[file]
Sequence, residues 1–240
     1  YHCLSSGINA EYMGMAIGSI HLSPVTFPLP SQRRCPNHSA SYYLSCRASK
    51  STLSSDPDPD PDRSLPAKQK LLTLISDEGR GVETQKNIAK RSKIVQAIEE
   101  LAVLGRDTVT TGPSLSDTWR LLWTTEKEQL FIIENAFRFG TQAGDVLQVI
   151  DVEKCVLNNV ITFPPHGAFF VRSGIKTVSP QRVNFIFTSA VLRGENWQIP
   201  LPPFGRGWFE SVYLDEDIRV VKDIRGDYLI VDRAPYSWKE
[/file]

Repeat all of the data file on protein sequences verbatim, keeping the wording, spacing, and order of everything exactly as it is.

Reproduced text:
Sequence, residues 1–240
     1  YHCLSSGINA EYMGMAIGSI HLSPVTFPLP SQRRCPNHSA SYYLSCRASK
    51  STLSSDPDPD PDRSLPAKQK LLTLISDEGR GVETQKNIAK RSKIVQAIEE
   101  LAVLGRDTVT TGPSLSDTWR LLWTTEKEQL FIIENAFRFG TQAGDVLQVI
   151  DVEKCVLNNV ITFPPHGAFF VRSGIKTVSP QRVNFIFTSA VLRGENWQIP
   201  LPPFGRGWFE SVYLDEDIRV VKDIRGDYLI VDRAPYSWKE